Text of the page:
Stress Effects Both Sides of the Brain

Aug 1, 2014

About this Article, “A Bihemispheric Autonomic Model for Traumatic Stress Effects on Health and Behavior”

This article by Sung Lee, Lee Gerdes, Catherine Tegeler, Hossam Shaltout, and Charles Tegeler (Frontiers in Psychology, 1 August 2014), is a contribution to a special research topic on the theme of Dysregulation of Autonomic Cardiac Control by Traumatic Stress and Anxiety. The topic brought together studies from numerous researchers who have shown how regulation of the heart rate can be disrupted by the experience of traumatic stress.

Background: Two main scientific findings inform the bihemispheric autonomic model (BHAM) presented. The first relates to division of labor between the left and right sides of the brain for management of the autonomic nervous system, the system that directs our level of arousal or mode of energy usage. The right side of the brain is the main manager of the “fight or flight” system, or sympathetic response, that releases energy stores, increases heart rate and blood pressure, produces sweating, steers blood away from the digestive system toward the large muscle groups, and primes our cognitive systems to lay down memories related to the context that is associated with this response.

The left side of the brain is the main manager of the “rest, digest, or freeze” system, or parasympathetic response, that produces effects related to lowering arousal, including digestion and uptake of energy, decreased heart rate, and behavioral stillness. The second scientific finding is polyvagal theory, which explains how the parasympathetic system has two different components that correspond to different stages of our evolutionary history. An ancient division produces low arousal for a “freeze” mode, with low resting heart rate, and is active when we orient to a new stimulus or if we are overwhelmed by a stress (or series of stresses). An evolutionarily more modern division produces low arousal that indicates an authentic state of calm, with variability in the heart rate that reflects dynamic flexibility.

Main ideas of the model: The BHAM integrates appreciation that the right and left sides of the brain are the main managers for the sympathetic and parasympathetic divisions, respectively, with the polyvagal theory. The BHAM states that when a person is in a relatively healthy state without excess stress or trauma, the regions of the left and right sides of the brain that are responsible for managing the autonomic nervous system, will fluctuate naturally in association with changing arousal levels, according to the natural rhythms of life – a balance between self-calming and excitement. If a person has an acute stress that is associated with a heightened expression of high arousal (fight or flight), then they may become at risk for right-side dominant activity in the region of the brain responsible for autonomic (sympathetic) management. If they have repeated stresses or a single severe stress, they may become at risk for left-side dominant activity in the region of the brain responsible for autonomic (parasympathetic) management. In cases of either right or left side dominance, individuals may also come to be at increased risk for maladaptive compensatory behaviors, that represent the brain’s attempt to become “unstuck.” For example, right-sided “stuckness” in high-arousal might produce a particular risk for abuse of alcohol or other sedating substances. Left-sided “stuckness” in low-arousal might produce a risk for behaviors (rage, stimulant abuse, anti-sociality) that help a person come out of a state of numbness. The BHAM is illustrated with case studies showing the role of technology that supports the brain to balance its left and right sides, to support recovery from the effects of accumulated stress.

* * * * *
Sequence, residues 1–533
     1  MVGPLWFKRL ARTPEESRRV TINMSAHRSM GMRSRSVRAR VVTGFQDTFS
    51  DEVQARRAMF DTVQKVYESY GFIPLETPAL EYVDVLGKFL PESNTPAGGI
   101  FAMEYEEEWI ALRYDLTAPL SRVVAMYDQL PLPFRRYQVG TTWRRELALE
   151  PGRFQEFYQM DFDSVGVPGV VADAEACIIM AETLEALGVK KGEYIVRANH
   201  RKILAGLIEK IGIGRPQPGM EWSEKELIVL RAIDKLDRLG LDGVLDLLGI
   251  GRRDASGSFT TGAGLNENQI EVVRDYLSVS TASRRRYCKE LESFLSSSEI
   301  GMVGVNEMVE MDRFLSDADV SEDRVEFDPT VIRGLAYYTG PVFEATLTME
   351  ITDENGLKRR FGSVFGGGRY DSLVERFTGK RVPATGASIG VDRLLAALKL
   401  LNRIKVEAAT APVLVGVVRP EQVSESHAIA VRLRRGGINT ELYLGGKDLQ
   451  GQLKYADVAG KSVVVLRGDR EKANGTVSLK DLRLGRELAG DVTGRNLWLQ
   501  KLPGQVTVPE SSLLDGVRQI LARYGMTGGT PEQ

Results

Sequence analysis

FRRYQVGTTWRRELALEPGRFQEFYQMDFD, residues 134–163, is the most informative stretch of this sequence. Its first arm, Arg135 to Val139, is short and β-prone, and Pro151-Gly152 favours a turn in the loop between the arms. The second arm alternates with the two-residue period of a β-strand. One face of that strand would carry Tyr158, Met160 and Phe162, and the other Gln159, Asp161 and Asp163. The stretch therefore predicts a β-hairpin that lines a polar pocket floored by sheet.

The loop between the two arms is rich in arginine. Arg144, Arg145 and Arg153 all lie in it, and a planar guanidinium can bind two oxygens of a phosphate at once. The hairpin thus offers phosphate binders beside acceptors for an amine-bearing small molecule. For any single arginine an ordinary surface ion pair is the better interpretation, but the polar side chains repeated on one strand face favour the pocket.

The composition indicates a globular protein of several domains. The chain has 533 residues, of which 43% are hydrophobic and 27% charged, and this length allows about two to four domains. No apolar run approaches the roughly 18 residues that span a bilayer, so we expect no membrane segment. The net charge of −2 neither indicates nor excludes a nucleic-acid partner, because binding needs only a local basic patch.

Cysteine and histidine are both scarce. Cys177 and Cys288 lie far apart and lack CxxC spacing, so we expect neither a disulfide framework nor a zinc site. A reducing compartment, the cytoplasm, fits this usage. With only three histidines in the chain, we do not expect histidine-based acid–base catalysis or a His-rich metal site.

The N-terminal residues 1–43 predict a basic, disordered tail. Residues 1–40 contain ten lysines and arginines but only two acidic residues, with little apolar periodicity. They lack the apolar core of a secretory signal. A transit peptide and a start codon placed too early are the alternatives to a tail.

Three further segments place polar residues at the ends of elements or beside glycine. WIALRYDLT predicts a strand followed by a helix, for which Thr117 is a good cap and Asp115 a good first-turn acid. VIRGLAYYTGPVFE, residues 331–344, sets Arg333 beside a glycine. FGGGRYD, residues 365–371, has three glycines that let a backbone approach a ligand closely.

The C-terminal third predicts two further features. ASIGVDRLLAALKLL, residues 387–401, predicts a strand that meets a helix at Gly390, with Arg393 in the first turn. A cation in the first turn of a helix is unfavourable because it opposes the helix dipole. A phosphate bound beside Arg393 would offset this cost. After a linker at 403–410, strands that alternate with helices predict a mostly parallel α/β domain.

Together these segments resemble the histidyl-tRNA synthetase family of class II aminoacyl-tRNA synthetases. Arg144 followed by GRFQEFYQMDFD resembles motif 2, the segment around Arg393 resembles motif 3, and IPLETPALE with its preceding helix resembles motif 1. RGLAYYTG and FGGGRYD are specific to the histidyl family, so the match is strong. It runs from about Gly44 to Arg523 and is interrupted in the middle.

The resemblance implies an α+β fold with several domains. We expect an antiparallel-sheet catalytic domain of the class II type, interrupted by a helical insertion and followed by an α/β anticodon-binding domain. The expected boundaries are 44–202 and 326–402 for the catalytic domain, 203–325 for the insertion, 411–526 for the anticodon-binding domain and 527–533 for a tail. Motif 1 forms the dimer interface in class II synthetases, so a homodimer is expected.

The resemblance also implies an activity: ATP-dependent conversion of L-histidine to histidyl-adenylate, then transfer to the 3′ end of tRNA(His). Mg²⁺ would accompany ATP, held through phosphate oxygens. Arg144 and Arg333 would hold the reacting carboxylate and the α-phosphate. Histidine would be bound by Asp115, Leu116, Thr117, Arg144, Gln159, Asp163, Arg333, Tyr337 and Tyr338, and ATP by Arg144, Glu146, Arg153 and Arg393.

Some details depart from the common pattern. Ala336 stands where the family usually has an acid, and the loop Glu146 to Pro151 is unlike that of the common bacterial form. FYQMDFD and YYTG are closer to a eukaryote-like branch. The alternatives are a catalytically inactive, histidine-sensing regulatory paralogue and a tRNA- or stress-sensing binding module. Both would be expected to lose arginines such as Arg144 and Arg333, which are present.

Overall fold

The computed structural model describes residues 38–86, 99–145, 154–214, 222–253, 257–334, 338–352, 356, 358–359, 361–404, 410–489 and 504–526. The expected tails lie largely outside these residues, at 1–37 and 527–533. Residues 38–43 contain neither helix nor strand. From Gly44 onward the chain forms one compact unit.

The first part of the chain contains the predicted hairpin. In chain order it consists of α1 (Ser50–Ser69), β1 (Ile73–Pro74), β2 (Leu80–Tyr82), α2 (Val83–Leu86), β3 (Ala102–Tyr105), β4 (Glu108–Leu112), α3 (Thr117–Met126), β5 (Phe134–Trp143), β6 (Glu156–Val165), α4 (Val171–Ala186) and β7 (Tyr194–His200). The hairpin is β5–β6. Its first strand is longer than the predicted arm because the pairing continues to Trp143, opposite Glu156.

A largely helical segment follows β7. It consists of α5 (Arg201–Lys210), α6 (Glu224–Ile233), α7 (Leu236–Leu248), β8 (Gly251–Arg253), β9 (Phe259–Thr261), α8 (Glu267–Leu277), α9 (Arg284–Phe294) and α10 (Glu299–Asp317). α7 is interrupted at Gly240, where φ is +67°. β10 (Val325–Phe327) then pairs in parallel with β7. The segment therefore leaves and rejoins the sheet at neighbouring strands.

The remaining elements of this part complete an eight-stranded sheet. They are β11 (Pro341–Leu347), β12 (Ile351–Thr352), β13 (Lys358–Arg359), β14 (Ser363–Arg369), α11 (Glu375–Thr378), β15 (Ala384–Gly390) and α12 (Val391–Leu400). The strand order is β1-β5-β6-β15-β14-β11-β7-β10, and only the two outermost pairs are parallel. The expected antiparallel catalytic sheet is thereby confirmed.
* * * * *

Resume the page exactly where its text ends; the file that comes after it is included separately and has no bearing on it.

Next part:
Authors’ conclusion: The authors conclude that, given the high prevalence of stressors in the modern world, the BHAM and related interventions have an important role to support advanced understanding and practice for optimizing functionality of the human stress response system.

Read full article here.

*More information about the HIRREM Research Program at Wake Forest School of Medicine, PI Professor Charles Tegeler, M.D., is available at www.wakehealth.edu/hirrem.  The Program has received nearly $3.5 million in independent funding since 2011, from the Susanne Marcus Collins Foundation, Inc., the United States Office of the Secretary of Defense through a contract with US Special Operations Command (USSOCOM), the United States Army Research Office, and others.

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